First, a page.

I was basically a freshman twice.
On top of that there were a million other kids just like me. All of us military kids were in the same boat. Every week someone you knew was moving away and you would never hear from them again. And it’s not like these kids were moving down the street, or across town.
Hey Bobby, let’s go to that German bakery off base after school next week! Sorry, can’t, I’m moving to Louisiana tomorrow.
Mom, can Jeremy spend the night this weekend? Sorry, Honey. He’s busy helping his family get ready to move to Japan.
Hi Joe, welcome to the school! Do you want to join the baseball team in the spring? Sorry, we’re only stationed here for four months.
And this was the dark ages: no internet. Email didn’t become mainstream until I started college. And forget phone calls. Cell phones were the size of cinder blocks and were restricted to movies like Wall Street. And long-distance charges? I can’t even imagine what it would cost to make a phone call from Germany to Pennsylvania in 1989. Probably five hundred dollars. You could always write a letter, I guess. And I did, once or twice. But two ten-year olds are going to have neither the focus nor the life experience to sustain any meaningful written correspondence.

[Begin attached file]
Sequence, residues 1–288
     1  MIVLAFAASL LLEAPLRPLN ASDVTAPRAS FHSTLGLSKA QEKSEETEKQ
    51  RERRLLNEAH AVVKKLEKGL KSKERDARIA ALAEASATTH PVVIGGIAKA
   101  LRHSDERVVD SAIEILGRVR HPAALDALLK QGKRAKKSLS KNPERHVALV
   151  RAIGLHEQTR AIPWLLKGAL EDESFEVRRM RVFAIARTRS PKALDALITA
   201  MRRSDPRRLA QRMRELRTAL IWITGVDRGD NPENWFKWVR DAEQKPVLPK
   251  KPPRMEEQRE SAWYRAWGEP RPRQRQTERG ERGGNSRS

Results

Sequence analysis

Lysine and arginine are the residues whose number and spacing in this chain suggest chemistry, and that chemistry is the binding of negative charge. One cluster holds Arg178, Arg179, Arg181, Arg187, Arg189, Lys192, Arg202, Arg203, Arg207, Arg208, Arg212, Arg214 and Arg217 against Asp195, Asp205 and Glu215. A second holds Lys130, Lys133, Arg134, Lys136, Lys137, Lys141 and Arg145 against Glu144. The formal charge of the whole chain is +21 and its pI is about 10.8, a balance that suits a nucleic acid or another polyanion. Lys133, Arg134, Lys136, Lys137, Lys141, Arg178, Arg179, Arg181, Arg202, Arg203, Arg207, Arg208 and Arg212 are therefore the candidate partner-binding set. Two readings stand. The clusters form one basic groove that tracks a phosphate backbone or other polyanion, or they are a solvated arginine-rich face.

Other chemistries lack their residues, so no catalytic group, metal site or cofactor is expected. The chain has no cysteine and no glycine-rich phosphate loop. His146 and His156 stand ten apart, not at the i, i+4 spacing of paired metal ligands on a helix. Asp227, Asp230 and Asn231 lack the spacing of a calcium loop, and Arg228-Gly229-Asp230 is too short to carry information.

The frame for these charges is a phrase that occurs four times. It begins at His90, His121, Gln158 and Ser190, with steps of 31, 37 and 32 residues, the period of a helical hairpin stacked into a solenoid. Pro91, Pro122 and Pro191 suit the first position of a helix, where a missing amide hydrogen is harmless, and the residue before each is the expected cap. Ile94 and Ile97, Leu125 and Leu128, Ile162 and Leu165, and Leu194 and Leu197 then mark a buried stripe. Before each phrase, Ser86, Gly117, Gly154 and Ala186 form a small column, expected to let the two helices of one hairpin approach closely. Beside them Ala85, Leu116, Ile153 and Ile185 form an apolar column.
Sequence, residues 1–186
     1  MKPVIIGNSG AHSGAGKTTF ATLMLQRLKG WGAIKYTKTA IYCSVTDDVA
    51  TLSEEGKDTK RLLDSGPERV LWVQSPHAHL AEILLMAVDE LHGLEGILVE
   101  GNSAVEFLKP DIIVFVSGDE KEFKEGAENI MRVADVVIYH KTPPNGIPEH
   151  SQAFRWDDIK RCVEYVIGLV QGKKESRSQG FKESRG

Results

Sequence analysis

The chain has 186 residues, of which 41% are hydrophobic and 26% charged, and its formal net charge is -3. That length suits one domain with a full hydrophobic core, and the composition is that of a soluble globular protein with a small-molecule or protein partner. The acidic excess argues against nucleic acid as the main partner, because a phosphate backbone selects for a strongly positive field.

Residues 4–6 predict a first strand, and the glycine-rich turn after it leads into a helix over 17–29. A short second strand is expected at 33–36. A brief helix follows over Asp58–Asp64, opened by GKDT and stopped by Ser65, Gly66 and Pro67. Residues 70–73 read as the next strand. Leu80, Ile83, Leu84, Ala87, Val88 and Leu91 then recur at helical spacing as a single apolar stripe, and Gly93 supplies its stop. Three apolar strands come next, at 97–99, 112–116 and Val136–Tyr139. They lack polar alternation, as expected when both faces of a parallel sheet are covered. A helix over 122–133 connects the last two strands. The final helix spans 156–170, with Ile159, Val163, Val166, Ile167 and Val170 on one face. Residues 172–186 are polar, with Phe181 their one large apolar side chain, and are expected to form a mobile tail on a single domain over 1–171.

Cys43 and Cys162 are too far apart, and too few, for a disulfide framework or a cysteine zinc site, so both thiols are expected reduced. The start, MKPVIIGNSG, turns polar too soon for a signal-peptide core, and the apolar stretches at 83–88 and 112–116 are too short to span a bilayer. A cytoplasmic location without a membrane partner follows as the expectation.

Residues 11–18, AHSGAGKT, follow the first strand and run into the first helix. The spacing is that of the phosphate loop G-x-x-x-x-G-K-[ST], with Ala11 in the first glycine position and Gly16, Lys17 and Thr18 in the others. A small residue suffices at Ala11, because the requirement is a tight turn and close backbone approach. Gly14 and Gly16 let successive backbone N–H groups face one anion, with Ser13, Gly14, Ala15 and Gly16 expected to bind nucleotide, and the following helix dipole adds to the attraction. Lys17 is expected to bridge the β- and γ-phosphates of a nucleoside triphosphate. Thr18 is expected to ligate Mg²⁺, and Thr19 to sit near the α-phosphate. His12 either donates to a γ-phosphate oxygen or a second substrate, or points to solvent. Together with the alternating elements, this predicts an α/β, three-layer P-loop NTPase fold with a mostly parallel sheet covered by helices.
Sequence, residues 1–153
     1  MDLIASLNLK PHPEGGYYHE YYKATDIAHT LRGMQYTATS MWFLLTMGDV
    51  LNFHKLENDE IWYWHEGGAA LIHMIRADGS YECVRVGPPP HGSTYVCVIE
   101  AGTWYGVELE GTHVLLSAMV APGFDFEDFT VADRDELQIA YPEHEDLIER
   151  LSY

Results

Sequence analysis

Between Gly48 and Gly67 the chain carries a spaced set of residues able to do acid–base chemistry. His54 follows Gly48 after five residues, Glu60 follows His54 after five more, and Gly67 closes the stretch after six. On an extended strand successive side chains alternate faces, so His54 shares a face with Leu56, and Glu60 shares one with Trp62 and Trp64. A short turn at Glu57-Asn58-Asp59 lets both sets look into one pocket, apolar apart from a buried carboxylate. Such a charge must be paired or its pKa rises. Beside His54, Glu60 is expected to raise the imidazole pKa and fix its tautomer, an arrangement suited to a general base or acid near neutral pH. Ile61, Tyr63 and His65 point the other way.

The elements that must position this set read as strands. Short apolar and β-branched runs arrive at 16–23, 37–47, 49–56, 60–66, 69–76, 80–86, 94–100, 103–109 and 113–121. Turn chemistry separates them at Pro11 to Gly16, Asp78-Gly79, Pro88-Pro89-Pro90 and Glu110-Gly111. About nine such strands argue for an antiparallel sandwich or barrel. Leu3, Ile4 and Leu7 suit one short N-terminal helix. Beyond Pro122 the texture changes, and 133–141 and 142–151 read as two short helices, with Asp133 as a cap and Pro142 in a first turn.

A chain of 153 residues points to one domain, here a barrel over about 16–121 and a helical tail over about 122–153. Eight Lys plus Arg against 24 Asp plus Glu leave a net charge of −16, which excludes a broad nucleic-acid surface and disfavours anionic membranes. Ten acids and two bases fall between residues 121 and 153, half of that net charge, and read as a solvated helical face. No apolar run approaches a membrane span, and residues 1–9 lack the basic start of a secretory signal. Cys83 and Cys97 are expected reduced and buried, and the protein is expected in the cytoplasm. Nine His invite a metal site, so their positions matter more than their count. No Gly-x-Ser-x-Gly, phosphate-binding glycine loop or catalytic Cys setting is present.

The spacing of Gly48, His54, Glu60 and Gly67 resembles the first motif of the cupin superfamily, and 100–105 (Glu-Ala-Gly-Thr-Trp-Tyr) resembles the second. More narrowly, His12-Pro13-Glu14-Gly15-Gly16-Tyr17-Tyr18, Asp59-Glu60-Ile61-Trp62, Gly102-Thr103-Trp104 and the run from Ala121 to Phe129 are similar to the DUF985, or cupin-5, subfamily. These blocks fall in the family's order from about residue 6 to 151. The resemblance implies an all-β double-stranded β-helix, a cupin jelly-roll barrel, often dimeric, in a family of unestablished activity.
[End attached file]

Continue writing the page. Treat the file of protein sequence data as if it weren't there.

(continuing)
Some of the communities where I lived had a pretty sizable civilian population, so it was always really weird to me when a kid was born in the same city where I would later meet them in middle school. I couldn’t imagine living in the same place, with the same people around me, for my whole life. I needed constant change.
Needless to say, I have zero friends from elementary school. Zero from middle school. I can count on two hands those from high school and college.
The one caveat that serves as the white elephant is the stack of Facebook friends that I have collected over the last decade or so, many of whom I knew from one of my earlier educational experiences. I like those folks, and do consider them friends to the degree that I may wish them happy birthday or like their cat videos. But almost all of them were long forgotten until we discovered social media and started stalking one another.